Because of pressing tasks necessary to preparing over 600 feet of collection materials and 10 staff members for the move, the Manuscripts Unit will suspend any normal activities between November 18th and December 13th – acquisitions, accessioning, cataloging, and processing. We will resume limited activities for the week before Stanford’s winter break - December 16-20. 

DRAFT of wire frame for ePADD program.

SUL’s Special Collections received an Innovation Grant from the National Historical Publications and Records Commission to develop a software program (ePADD) for processing and making email archives discoverable. The end goal is to produce an open-source tool that will allow repositories and individuals to interact with email archives before and after they have been transferred to a repository. It would consist of four modules, each based on a different functional activity: Processing (arrangement and description), Appraisal (collection development), Discovery (online via the web), and Delivery (access).  

The project website was launched in August 2013 and lists: project goals, work plan, team, and collaborators. A twitter feed for the project was just launched although project updates and news will primarily be posted iSpecial Collections Unbound.  

Buenzle scrapbook photo

     In 1886, a sixteen-year-old named Fred Buenzle did what many boys had dreamed of: joining the Navy and sailing the high seas. Recognizing that the Navy was changing rapidly, he took note of the stories and lore of old salts and devoted himself to chronicling his own adventures; training in the Caribbean, briefly leaving the service in China, and in Cuba during the Spanish-American War. A stenographer who rose in rank to Chief Yeoman, Buenzle was the court reporter for the investigation of the sinking of the U.S.S. Maine, and took dictation for many of the Navy’s highest officers, including Theodore Roosevelt when he was briefly Secretary. Buenzle also founded and edited “The Bluejacket,” the first newsletter for enlisted men, and fought against discrimination of uniformed sailors.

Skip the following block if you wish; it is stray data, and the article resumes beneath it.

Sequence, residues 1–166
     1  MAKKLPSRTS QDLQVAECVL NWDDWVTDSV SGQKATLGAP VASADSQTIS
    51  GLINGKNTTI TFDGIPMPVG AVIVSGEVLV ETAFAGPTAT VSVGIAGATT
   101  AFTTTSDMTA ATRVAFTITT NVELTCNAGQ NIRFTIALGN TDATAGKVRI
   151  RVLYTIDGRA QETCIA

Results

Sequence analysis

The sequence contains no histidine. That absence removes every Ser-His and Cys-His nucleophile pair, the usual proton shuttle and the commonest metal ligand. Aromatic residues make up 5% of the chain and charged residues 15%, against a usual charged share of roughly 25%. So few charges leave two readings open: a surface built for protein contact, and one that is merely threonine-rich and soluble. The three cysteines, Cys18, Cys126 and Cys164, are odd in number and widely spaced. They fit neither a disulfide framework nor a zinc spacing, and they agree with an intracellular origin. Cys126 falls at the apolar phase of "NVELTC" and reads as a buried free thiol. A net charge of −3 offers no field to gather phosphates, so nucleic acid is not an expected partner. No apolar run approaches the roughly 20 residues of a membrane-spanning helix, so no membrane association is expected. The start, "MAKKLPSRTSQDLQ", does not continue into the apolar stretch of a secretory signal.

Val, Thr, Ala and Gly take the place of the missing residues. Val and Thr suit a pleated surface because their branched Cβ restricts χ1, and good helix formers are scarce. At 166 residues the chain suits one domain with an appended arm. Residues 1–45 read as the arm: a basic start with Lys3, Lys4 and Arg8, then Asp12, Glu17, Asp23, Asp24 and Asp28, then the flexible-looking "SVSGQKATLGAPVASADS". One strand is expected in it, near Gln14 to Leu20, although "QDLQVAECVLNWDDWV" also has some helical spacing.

Special Collections has recently acquired and processed the Fred J. Buenzle papers, which contain scrapbooks, unpublished manuscripts, and hundreds of photographs documenting his naval career, family, and subsequent retirement at his ranch in Los Gatos.

St. Thomas, 1891

Albumen print of St. Thomas from Buenzle scrapbook, May 1891.